EU to Hold an Investigation into Supermarket Dominance


Cheap food doesn’t actually come cheap.  Not for some anyway.

A proposal put forward by Euro MP Caroline Lucas to hold an investigation into supermarket dominance has been approved by the European Union.  Caroline has been lobbying Brussels to examine the impacts the supermarkets have on farmers, small shops, the community, workers in developing countries and ultimately, the environment. 

She says . . . 

“There is increasing evidence from across the EU that suggests big
supermarkets abuse their buying power to force down prices paid to farmers and suppliers to an unsustainable level – both within the EU and in the developing world – as well as imposing unfair conditions on them.”
“Just this week, we have heard from the many farmers who, unable to cope
with the terminally low prices paid by supermarkets for their crops, are
giving up on growing cauliflowers altogether. The amount of power wielded by the big supermarkets is simply unacceptable and threatens the future of our agriculture industry.”

She goes on to say that the big four – Asda, Tesco, Morrison’s and Sainsbury’s – all account for nearly three-quarters of all grocery shopping and that three of the big four are swallowing up almost a quarter of the UK clothing market.  As most of us already know, this has had a profound effect on small retail businesses and of course because these smaller, local shops – the traditional butchers/bakers/greengrocers – are fast diminishing, even the people who would like to remain loyal to them are left with little choice but to turn to the giants, further perpetuating the shopping trap.

As I already stated, most people are aware of the social and environmental impacts by the supermarket heavyweights . . .  food miles, car-dependant stores, store-building (eating up the land), ludicrous packaging and so on.  There’s no need for me to elaborate further suffice to say it’s an unsustainable situation and the recent approval to hold an investigation at EU levels is a positive and encouraging move.



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This is just a place to store all my head thoughts in the unfortunate event that my mind may, one day, choose to erase the lot. Hopefully m
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3 Responses to EU to Hold an Investigation into Supermarket Dominance

  1. matt says:

    Oh don’t get me started!

    I, like many people shop at the supermarkets because the local shops have been reduced to nothing. The spiral is (currently at least) downward. Do I enjoy shopping at supermarkets? No, I hate it. I actually don’t feel like I’m shopping for food, I feel disconnected. This is not good, not good at all.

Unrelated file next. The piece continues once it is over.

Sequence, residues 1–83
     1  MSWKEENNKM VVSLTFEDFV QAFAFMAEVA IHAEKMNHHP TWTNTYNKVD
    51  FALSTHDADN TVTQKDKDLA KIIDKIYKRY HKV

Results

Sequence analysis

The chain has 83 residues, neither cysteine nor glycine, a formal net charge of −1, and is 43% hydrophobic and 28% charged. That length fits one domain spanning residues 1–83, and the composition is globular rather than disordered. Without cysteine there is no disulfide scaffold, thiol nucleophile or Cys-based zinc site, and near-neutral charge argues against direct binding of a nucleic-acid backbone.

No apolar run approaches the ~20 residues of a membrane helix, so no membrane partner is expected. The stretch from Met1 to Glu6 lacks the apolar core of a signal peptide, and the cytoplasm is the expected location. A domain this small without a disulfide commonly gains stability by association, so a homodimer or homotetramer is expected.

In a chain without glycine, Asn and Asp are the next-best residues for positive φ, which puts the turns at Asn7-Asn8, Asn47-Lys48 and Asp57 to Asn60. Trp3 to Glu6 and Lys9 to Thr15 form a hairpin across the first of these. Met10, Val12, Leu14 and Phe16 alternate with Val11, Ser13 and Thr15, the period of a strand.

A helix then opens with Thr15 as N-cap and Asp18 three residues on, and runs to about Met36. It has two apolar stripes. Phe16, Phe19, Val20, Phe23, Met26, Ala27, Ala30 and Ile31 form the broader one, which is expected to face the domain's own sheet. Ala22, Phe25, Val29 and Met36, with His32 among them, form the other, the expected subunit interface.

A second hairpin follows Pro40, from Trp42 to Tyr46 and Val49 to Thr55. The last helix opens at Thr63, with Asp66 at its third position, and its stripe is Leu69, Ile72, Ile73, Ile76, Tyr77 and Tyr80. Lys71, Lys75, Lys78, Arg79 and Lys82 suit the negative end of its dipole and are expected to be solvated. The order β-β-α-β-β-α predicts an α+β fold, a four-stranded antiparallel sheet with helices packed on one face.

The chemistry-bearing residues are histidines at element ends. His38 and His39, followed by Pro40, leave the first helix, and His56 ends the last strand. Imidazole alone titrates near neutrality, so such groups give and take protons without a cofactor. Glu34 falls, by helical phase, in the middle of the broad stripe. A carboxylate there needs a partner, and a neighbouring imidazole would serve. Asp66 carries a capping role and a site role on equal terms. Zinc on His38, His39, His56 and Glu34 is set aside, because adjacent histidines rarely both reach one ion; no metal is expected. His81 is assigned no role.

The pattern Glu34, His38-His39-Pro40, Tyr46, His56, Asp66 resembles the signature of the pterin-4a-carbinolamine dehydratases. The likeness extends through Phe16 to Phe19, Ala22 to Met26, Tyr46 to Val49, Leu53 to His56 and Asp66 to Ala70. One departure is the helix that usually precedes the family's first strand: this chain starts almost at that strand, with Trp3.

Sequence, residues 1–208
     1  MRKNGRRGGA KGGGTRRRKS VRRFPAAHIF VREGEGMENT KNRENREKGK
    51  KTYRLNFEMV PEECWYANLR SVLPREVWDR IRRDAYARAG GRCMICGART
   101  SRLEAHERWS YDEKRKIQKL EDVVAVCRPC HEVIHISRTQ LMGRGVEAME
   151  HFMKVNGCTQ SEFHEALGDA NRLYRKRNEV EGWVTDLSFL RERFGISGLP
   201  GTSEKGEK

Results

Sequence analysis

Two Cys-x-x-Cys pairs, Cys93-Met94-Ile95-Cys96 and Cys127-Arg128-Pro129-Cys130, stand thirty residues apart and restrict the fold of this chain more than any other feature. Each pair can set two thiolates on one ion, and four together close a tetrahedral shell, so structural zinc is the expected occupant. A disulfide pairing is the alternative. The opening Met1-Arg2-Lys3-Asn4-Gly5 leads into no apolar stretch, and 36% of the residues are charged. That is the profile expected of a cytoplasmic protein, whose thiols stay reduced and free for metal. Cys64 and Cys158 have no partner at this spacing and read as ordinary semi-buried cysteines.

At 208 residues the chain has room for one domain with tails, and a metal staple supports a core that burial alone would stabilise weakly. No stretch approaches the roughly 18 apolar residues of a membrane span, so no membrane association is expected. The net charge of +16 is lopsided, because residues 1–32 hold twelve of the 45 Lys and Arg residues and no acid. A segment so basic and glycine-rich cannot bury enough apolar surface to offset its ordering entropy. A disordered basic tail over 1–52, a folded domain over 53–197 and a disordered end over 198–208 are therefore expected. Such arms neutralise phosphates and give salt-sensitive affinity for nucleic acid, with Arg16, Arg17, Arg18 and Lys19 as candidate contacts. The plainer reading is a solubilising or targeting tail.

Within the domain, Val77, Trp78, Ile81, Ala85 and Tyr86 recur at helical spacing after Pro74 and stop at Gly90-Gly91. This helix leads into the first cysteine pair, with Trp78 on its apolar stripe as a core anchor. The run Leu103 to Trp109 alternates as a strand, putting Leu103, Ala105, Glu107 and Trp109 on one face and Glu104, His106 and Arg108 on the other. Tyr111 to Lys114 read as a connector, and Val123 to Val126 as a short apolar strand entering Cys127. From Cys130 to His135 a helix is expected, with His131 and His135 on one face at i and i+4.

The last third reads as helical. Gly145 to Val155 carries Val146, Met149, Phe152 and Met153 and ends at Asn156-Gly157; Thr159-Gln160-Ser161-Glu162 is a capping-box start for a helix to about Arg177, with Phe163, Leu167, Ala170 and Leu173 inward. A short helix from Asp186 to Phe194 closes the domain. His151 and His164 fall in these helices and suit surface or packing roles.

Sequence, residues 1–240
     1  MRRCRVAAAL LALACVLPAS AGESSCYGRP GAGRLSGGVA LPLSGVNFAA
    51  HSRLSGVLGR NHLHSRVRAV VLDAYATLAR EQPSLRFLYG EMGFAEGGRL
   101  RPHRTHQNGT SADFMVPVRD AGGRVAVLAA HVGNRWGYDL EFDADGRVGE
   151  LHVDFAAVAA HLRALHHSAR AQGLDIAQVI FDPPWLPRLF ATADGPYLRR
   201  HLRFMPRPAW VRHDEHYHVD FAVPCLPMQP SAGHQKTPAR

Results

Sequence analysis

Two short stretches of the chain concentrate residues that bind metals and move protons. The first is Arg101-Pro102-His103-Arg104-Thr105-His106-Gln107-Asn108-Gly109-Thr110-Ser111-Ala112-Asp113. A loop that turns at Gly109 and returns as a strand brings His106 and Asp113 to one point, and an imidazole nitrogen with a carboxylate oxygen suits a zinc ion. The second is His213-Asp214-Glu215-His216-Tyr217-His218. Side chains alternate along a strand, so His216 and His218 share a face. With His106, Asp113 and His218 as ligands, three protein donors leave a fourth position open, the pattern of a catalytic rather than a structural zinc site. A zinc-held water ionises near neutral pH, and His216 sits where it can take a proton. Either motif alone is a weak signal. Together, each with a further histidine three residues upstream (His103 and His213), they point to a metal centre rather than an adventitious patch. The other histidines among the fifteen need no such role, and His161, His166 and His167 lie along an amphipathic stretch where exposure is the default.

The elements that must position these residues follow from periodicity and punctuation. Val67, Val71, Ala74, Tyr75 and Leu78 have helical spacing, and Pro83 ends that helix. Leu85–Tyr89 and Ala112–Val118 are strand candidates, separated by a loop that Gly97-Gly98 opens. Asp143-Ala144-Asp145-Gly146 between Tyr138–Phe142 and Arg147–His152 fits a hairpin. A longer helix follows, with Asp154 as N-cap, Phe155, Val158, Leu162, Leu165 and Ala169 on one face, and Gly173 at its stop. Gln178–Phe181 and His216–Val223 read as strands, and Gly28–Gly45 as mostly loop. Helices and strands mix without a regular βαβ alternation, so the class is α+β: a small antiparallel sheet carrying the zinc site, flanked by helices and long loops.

There is no banter with the shop owner, not imparting of ideas on seasonal produce available, tips on recipes and so on. There is no passion for food with the supermarket experience. The meat and produce and other goods come from mono farms, go through mono factories and we buy them within a mono retail environment. Our senses are dulled, we become disconnected from our food.

    No amount of Jamie Oliver recipe books will correct this until our relationship with food via the shopping experience, is changed for the better.

    Well done Caroline Lucas and this btw is another reason to respect the need for the EU. It alows debate to widen beyond borders.

  2. earthpal says:

    Me too Matty.

    I am in constant inner conflict with myself because I shop at the supermarket. I have to say, the people who work there are all very friendly and helpful but in a highly-trained and forced way. It doesn’t even begin to come close to homely traditional shopping of bygone days.

    When I was a little girl, I would go into town on the bus every Saturday with my mum and we would visit our regular market stalls for our usual groceries, finishing with a visit to our favourite little cafe tucked away at the back of the market. Every stall holder knew us by name and knew what we wanted and how we liked it. That same market is like a ghost town now. Bleak and cold.

  3. matt says:

    A good example of just how bad things have become.

    Our local ward has a ‘community’ website run on a platform called ‘ning’. It is only seven months old and has 300 members already. The guy who started it is thinking about giving in a facelift already and possibly changing it’s name, taking out the word ”community” and replacing it with ”online”. Needless to say I have objected strongly to the word ”community” being taken out of a community website!

    We need more of community things and less virtual experiences. And I don’t include virtual communities in that criticism. 😉 Nintendo Wii anyone?

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